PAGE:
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Is the Previously Reported Increase in Second- and Higher-order Birth Rates in Norway and Sweden from the mid-1970s Real or a Result of Inadequate Estimation Methods?

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  • Øystein Kravdal

    (University of Oslo)

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    Abstract

    According to models estimated separately for second-, third-, and fourth-birth rates in Norway, an increase took place from the mid-1970s to about 1990, given age and duration since last previous birth. A similar rise in the birth rates was seen in Sweden, except that the upturn at short durations was sharper. It is shown in this study, using Norwegian register data, that the increase partly reflects earlier changes in lower-order parity transitions. When models for each parity transition are estimated jointly, with a common unobserved factor included, there is no longer an upward trend in Norwegian second-birth rates, but a very weak decline, and the increase in the higher-order birth rates is strongly reduced compared to that found in the simpler approach.

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    File URL: http://www.demographic-research.org/volumes/vol6/9/6-9.pdf
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    Bibliographic Info

    Article provided by Max Planck Institute for Demographic Research, Rostock, Germany in its journal Demographic Research.

    Volume (Year): 6 (2002)
    Issue (Month): 9 (March)
    Pages: 241-262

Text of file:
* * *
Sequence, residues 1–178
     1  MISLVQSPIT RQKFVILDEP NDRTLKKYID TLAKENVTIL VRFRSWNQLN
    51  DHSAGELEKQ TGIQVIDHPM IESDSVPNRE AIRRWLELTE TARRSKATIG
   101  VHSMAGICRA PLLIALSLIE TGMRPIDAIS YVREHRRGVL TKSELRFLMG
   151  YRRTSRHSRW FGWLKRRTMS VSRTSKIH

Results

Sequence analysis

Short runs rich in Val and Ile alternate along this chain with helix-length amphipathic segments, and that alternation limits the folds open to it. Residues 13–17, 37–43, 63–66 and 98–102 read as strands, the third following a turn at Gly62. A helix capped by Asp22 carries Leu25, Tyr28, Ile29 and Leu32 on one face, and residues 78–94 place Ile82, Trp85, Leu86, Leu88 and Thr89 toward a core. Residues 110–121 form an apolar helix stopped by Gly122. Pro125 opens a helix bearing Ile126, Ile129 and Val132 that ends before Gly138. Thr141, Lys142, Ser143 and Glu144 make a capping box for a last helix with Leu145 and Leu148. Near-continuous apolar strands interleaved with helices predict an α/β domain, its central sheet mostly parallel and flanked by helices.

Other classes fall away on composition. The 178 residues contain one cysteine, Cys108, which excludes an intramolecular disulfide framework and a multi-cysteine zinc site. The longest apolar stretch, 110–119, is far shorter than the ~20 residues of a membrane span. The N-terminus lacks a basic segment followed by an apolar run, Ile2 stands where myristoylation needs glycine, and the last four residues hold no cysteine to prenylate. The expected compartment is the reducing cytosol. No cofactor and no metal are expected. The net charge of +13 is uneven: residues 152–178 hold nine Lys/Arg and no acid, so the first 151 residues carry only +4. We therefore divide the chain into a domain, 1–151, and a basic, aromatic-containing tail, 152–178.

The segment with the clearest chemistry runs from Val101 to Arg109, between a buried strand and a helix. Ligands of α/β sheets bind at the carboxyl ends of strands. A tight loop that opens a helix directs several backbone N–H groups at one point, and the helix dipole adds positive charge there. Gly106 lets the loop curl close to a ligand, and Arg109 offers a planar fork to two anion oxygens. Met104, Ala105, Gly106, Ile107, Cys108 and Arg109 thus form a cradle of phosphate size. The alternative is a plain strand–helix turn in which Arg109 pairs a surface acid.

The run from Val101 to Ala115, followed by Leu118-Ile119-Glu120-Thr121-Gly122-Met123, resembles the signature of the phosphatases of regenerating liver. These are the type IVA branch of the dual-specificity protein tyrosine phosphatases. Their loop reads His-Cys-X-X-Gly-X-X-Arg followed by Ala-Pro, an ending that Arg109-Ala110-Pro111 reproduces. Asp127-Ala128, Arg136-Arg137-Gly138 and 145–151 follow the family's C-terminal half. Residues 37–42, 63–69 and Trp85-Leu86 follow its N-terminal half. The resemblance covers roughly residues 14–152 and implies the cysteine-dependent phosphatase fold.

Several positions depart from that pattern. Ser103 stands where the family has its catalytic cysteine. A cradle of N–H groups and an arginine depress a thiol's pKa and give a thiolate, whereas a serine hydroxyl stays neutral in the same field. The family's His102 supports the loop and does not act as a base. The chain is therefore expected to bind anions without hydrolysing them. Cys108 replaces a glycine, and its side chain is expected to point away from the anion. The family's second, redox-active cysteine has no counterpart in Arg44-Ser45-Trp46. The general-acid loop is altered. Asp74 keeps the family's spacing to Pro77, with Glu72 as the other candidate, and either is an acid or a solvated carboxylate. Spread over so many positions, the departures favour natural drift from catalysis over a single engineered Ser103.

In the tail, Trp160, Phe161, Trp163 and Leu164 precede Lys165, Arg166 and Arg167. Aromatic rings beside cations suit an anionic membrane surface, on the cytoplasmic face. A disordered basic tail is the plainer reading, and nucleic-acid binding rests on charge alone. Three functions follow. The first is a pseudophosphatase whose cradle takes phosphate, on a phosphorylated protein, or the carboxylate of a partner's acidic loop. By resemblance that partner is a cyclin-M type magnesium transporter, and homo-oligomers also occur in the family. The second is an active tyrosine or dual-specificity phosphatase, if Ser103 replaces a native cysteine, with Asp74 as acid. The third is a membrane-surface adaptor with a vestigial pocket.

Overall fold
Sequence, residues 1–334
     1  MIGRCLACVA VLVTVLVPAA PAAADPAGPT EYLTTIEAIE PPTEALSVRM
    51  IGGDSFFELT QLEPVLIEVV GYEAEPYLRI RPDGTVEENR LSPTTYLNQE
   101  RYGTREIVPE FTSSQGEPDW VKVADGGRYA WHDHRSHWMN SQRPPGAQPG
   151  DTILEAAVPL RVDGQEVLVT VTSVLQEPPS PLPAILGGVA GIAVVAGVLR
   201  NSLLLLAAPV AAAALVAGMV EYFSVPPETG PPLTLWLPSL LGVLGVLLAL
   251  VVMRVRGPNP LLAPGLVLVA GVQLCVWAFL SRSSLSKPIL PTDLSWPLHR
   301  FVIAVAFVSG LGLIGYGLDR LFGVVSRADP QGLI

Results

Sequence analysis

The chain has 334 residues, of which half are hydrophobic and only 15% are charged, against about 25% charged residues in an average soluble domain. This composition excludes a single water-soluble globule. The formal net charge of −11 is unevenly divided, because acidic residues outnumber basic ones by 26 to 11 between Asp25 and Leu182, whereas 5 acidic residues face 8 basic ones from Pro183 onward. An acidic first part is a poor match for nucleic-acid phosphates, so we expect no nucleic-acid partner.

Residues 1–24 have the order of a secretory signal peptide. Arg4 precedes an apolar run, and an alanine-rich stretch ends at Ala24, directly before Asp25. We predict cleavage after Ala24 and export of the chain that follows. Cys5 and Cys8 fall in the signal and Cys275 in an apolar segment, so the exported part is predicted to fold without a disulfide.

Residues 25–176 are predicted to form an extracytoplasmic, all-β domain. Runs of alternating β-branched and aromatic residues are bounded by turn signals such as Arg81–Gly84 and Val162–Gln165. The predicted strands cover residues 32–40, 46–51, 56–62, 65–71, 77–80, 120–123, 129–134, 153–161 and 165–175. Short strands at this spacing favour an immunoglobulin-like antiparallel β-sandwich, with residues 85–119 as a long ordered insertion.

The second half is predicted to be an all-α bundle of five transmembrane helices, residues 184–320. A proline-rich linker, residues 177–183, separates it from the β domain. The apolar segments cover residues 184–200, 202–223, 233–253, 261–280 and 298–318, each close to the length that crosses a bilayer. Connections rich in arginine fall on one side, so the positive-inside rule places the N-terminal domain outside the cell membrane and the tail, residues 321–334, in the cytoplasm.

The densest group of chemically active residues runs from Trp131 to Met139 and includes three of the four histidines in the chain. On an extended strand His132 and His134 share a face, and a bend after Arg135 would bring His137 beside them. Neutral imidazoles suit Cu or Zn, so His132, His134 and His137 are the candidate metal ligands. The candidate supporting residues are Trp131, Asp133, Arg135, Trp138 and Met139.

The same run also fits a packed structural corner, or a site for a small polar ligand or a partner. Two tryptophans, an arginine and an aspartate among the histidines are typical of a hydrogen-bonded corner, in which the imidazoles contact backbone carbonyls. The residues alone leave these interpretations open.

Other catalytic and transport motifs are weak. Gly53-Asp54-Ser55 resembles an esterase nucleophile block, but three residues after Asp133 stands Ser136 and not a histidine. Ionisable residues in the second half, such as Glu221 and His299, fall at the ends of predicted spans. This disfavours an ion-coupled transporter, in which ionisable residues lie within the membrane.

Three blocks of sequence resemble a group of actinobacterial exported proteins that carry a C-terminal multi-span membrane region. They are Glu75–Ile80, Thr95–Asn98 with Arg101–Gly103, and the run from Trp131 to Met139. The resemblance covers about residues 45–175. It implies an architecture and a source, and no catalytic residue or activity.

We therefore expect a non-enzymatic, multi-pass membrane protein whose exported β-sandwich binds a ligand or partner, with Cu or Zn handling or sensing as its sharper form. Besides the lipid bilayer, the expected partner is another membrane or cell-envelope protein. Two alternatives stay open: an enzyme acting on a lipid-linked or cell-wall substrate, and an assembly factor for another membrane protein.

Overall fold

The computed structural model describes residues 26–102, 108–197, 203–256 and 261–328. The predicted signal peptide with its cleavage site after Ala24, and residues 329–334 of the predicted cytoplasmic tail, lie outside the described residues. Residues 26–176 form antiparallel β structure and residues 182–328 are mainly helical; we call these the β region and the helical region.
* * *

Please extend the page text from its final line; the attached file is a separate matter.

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    Handle: RePEc:dem:demres:v:6:y:2002:i:9

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    Web page: http://www.demogr.mpg.de/

    Related research

    Keywords: fertility; hazard models; parity-specific; period effects; unobserved heterogeneity;

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    References

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    1. Øystein Kravdal, 2001. "The High Fertility of College Educated Women in Norway," Demographic Research, Max Planck Institute for Demographic Research, Rostock, Germany, vol. 5(6), pages 187-216, December.
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    Cited by:
    1. Kravdal, Øystein & Rindfuss, Ronald R., 2007. "Changing relationships between education and fertility – a study of women and men born 1940-64," Memorandum 11/2007, Oslo University, Department of Economics.
    2. Hill Kulu & Paul J. Boyle & Gunnar Andersson, 2008. "High suburban fertility: evidence from four Northern European countries," MPIDR Working Papers WP-2008-021, Max Planck Institute for Demographic Research, Rostock, Germany.

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